Enceladus is one of the smallest of Saturn's moons that is spherical in shape with a diameter of 500 kilometers (only one-seventh the diameter of Earth's moon). The ocean beneath the icy crust that completely covers it, turns out to be an ideal place to sustain life.
According to a research by the University of Washington which was presented in June at the Astrobiology Science Conference (AbSciCon 2019), the relatively warm waters under the icy shell would contain carbon dioxide, methane, and hydrogen in concentrations higher than those it was previously thought.
The researchers also hypothesize that the pH (the measure of the acidity of an aqueous solution) of those waters may be more similar than was thought to that of the oceans on Earth, and this makes them seem even more suited to life. Lucas Fifer, one of the researchers, says the mix is "a free meal" for some types of microorganisms."
Near the south pole of Enceladus, the surface is marked by long and deep fractures from which powerful geysers rise for hundreds of kilometers: the analysis of the data relative to the fountains has revealed the presence of large complex molecules. Reverse-Engineering On its journey through the Saturn system, NASA's Cassini spacecraft had shown plumes of vapors (water and other volatile elements) leaking from the surface of Enceladus, in the south pole region, fired into space for miles.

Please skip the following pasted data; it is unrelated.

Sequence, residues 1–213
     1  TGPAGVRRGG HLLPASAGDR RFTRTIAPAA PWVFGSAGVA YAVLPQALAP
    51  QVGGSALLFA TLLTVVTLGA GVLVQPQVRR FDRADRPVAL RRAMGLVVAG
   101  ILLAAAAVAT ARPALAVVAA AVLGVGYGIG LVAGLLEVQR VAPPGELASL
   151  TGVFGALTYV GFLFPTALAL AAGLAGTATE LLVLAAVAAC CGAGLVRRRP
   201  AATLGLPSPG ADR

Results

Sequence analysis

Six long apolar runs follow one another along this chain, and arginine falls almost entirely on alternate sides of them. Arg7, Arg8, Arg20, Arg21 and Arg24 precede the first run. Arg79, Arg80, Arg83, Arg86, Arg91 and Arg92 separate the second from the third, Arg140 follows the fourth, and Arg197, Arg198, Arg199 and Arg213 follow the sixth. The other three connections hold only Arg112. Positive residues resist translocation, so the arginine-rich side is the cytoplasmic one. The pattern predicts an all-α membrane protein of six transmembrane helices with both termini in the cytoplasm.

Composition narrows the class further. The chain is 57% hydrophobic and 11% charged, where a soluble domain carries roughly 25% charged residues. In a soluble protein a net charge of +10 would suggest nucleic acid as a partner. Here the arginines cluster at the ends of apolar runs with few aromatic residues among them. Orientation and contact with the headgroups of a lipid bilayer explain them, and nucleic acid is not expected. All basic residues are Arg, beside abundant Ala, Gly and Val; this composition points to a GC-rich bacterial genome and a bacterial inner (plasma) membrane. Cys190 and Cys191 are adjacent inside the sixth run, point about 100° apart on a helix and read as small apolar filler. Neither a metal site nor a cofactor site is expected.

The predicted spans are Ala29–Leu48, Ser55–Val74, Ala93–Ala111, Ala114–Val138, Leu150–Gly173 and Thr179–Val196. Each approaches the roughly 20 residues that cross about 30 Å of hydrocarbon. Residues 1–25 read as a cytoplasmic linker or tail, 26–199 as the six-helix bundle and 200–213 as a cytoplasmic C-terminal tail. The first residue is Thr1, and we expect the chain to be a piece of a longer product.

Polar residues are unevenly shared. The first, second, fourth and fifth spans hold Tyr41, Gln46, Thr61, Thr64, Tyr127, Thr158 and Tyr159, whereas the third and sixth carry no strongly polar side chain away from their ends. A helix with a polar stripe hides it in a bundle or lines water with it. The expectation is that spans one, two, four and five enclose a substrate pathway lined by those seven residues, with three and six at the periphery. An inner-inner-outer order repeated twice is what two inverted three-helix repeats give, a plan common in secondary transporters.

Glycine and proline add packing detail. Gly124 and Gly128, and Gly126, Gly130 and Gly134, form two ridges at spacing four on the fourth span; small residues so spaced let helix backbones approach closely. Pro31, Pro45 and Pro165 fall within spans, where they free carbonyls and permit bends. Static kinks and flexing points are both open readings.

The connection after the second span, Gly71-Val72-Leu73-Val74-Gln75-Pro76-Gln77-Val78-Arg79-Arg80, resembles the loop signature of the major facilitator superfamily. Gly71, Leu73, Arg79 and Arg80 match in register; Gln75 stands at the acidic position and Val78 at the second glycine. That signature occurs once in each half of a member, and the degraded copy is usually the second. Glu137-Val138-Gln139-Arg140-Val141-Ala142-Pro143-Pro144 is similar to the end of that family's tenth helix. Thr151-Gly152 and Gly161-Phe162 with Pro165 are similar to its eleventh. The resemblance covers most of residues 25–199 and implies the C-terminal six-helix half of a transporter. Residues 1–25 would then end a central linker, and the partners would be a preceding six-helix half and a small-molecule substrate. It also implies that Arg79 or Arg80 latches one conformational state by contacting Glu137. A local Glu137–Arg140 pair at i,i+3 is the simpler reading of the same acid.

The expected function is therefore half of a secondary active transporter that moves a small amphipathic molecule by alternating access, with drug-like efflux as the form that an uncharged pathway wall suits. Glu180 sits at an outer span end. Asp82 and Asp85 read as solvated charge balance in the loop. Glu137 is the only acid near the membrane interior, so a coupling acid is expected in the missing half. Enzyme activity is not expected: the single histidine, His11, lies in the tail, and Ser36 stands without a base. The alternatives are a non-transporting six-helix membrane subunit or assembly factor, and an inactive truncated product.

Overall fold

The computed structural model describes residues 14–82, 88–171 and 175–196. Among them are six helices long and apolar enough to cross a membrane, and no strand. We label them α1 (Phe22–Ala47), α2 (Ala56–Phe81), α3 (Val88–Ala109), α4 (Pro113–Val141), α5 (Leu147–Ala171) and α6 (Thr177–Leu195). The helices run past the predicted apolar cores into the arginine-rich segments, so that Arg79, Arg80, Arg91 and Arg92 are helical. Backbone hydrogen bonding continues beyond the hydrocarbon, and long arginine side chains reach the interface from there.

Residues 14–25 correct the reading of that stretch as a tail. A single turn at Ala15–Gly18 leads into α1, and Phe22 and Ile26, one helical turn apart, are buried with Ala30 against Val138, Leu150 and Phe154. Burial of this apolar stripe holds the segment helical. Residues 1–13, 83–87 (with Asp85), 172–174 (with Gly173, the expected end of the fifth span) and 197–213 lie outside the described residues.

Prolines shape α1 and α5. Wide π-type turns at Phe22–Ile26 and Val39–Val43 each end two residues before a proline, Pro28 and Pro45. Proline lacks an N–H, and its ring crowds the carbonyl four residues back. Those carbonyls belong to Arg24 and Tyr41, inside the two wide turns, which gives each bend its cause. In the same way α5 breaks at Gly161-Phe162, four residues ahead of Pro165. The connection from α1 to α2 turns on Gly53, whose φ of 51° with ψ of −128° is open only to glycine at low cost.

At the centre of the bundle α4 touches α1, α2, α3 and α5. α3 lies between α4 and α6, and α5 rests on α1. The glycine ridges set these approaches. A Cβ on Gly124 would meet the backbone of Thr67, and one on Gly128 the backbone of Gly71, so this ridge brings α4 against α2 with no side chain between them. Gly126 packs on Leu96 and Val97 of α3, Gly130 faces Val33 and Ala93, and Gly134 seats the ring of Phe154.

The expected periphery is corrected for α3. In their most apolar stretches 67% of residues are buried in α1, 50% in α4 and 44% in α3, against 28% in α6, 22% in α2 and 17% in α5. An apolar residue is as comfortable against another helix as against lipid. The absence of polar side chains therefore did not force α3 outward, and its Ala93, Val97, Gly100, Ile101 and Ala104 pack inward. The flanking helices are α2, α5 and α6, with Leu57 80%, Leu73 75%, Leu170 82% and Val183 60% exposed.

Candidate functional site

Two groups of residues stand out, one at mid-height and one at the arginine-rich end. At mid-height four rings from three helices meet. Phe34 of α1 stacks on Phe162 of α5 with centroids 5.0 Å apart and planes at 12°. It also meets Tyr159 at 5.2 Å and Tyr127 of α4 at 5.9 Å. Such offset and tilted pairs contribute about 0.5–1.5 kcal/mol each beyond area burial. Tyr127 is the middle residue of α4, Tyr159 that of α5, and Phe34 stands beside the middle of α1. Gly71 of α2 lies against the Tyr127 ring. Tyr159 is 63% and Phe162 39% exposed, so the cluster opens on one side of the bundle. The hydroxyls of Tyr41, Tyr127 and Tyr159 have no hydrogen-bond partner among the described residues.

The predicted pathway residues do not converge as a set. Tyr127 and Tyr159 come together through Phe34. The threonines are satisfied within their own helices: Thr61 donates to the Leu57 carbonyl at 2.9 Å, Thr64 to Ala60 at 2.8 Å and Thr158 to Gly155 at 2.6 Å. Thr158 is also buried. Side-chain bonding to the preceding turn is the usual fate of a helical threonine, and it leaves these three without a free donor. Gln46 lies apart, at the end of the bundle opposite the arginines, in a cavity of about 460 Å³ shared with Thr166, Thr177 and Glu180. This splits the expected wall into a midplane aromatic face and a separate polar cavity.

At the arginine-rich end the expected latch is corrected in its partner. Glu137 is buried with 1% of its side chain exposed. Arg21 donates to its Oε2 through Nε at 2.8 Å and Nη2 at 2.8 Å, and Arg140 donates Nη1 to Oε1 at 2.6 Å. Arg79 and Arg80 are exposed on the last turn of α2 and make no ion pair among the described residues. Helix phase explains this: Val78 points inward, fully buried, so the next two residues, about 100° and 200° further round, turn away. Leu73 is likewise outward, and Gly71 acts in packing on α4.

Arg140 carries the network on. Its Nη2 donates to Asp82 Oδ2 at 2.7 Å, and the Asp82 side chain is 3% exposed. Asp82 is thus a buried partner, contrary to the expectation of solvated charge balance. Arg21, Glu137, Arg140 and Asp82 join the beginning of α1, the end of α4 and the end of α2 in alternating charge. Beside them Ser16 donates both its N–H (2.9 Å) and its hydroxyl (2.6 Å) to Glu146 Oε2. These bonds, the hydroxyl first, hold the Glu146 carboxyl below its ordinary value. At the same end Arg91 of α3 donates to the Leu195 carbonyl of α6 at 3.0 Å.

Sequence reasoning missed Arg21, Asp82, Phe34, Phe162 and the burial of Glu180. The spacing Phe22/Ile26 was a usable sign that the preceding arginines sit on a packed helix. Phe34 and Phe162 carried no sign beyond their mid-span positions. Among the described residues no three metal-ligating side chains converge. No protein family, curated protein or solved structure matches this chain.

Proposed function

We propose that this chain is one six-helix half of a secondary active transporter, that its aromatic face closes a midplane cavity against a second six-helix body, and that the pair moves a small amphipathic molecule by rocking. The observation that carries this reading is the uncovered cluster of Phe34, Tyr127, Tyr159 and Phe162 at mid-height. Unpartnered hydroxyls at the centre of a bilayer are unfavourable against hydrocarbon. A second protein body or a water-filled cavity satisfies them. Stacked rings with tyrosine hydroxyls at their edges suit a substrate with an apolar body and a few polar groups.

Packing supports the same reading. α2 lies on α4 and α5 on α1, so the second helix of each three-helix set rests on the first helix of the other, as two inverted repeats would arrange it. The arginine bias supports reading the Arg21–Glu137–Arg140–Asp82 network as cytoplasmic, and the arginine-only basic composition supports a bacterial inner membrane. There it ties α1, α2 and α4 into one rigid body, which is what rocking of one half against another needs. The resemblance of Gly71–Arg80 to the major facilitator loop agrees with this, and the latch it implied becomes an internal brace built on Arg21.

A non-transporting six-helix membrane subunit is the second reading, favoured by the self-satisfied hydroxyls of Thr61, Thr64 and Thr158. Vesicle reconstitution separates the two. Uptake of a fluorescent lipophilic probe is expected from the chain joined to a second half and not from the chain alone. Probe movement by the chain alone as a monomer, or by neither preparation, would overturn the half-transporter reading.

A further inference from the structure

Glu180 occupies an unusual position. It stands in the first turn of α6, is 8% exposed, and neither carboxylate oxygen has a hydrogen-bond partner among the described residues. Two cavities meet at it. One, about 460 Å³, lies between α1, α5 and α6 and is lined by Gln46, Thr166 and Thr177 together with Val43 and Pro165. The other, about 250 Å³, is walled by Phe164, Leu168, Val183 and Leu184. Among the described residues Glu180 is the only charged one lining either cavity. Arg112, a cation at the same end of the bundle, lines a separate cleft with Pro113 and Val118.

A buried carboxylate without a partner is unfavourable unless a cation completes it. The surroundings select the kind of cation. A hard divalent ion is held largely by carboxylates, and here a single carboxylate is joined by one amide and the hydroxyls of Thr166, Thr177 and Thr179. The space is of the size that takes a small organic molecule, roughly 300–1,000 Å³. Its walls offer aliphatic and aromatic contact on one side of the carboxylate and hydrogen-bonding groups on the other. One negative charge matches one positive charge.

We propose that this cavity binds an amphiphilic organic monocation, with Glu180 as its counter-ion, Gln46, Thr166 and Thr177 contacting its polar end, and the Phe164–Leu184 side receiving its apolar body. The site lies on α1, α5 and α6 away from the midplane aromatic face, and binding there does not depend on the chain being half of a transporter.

Surprisingly, the analysis of the available data for those geysers revealed great differences compared to the hypotheses on the composition of the underlying ocean. The reason (as claimed by the researchers) is that the outburst into Space will cause intense alteration of the chemical structure of the material that is fired from the erupted jet.
To reconstruct the effects of the fractionation, Washington University researchers have tried to reverse-engineer it using computer-simulations of the data collected by Cassini.
The result highlighted the presence of hydrogen, methane and carbon dioxide in high quantities, previously underestimated. This finding reinforces the idea that the microworld ocean of Enceladus, protected by a thick shield of ice, is a favorable environment for life.